Imagine if newspapers consistently stereotyped any other group this way:
The portrayal of teenage boys as “yobs” in the media has made the boys wary of other teenagers, according to new research.
Figures show more than half of the stories about teenage boys in national and regional newspapers in the past year (4,374 out of 8,629) were about crime. The word most commonly used to describe them was “yobs” (591 times), followed by “thugs” (254 times), “sick” (119 times) and “feral” (96 times).
Other terms often used included “hoodie”, “louts”, “heartless”, “evil” “frightening”, “scum”, “monsters”, “inhuman” and “threatening”.
The research – commissioned by Women in Journalism – showed the best chance a teenager had of receiving sympathetic coverage was if they died.
“We found some news coverage where teen boys were described in glowing terms – ‘model student’, ‘angel’, ‘altar boy’ or ‘every mother’s perfect son’,” the research concluded, “but sadly these were reserved for teenage boys who met a violent and untimely death.”
At the same time a survey of nearly 1,000 teenage boys found 85 per cent believed newspapers portray them in a bad light.
Media demonisation of youths is not new of course; it’s an old and venerable tradition with British tabloids. Mods/rockers, punks, hip-hop gangstas: every new subculture has been demonised in turn. But there’s also our media created obsession with safety: we cocoon our kids until they hit puberyt and then suddenly they’re all purse snatching knife criming yobbos: two sides of the same coin. Fear the other kids, keep our own safe at home. I’d hate to be a teenager right now, to be harassed and hassled everywhere I went just for being a teenager, having to be controlled all the time.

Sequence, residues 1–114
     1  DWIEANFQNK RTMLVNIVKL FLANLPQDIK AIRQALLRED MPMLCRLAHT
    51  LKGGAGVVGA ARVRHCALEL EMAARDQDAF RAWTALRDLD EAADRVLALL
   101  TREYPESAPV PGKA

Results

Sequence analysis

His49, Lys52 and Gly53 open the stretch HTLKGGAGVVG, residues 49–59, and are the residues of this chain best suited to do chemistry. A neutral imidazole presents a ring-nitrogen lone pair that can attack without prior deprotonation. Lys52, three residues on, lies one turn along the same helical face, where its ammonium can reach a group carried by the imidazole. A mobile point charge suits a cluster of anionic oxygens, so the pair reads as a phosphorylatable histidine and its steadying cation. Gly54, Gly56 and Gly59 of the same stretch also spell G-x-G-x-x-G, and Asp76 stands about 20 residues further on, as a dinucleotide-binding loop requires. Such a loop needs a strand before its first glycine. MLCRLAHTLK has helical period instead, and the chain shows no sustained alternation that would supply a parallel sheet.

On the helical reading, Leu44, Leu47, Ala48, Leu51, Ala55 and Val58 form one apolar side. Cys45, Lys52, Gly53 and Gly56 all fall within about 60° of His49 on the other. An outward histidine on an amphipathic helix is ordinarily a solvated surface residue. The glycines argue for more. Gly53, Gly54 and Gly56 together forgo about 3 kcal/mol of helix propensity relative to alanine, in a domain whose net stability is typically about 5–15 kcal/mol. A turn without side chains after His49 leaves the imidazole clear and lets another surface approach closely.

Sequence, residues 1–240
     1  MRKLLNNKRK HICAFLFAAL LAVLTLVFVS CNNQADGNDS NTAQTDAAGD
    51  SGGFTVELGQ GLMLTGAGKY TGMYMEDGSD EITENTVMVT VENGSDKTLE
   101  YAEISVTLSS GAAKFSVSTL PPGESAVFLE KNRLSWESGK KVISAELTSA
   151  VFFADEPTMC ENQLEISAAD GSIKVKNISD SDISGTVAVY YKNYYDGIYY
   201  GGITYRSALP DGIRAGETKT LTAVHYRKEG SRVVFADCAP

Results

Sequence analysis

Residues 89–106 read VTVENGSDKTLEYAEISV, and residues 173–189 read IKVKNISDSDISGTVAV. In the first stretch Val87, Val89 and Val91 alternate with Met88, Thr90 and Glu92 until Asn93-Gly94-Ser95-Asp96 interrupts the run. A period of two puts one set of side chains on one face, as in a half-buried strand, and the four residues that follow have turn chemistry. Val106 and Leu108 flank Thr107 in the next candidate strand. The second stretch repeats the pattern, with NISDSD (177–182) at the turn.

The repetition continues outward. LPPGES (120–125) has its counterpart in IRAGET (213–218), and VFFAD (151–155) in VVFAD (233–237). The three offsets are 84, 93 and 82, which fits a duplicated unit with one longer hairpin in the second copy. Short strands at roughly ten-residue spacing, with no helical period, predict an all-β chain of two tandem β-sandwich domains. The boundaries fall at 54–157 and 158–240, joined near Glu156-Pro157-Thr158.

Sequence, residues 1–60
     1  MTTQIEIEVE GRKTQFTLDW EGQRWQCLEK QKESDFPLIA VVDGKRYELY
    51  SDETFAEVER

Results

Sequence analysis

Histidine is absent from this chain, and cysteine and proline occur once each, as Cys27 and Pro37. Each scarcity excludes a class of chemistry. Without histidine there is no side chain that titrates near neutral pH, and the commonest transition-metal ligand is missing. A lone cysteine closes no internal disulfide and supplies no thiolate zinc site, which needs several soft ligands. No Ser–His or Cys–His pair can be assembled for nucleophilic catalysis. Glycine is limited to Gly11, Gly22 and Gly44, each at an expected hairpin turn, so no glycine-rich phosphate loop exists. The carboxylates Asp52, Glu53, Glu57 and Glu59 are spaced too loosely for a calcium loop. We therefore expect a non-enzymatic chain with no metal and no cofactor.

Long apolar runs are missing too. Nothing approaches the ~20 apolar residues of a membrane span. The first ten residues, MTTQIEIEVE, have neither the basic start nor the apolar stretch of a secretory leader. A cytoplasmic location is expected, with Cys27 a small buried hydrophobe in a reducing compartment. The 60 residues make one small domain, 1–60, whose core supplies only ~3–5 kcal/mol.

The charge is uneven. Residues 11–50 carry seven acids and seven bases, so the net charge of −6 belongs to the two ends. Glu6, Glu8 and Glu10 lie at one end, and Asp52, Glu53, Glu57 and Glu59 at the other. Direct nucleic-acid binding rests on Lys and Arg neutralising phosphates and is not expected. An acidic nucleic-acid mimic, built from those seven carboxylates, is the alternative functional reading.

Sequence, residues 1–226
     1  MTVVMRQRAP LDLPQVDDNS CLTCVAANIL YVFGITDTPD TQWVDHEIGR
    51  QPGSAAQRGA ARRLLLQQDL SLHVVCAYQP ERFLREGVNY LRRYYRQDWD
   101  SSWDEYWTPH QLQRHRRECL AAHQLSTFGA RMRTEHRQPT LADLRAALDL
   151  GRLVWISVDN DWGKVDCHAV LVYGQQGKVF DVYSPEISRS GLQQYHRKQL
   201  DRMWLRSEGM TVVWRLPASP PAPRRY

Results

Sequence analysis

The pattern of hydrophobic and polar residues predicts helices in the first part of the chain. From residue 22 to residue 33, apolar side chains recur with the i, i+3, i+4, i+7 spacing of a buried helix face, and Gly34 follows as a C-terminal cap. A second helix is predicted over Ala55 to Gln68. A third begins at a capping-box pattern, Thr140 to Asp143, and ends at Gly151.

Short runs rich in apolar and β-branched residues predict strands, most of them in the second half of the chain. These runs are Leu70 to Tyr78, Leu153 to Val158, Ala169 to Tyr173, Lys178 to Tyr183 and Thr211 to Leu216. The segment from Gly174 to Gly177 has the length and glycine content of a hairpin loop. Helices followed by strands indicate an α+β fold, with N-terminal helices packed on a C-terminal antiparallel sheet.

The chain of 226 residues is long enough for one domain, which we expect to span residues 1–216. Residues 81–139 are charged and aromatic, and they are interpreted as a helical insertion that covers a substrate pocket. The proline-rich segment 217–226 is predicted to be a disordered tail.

And teenagers are nearly powerless in our society as well. There is no Teenage Defense League after all, no real political consciousness of teenagers as an interest group. Most of them can’t even vote, so there’s nothing in it for politicians to cater for them. As the article goes on to mention:
The research found that – for all the coverage of teenage issues – the boys’ voices themselves were rarely heard in newspapers. Fewer than one in 10 articles about young people actually quoted young people or included their perspectives in the debate.
Fiona Bawden, the WiJ committee member who presented the research at the British Library, said: “When a photo of a group of perfectly ordinary lads standing around wearing hooded tops has become visual shorthand for urban menace, or even the breakdown of society, it’s clear teenage boys have a serious image problem.
It’s not surprising that teenagers have no voice in the newspapers: they don’t buy the papers, the papers’ advertisers are not interested in their business and therefore they are safe to be demonised. The market in action.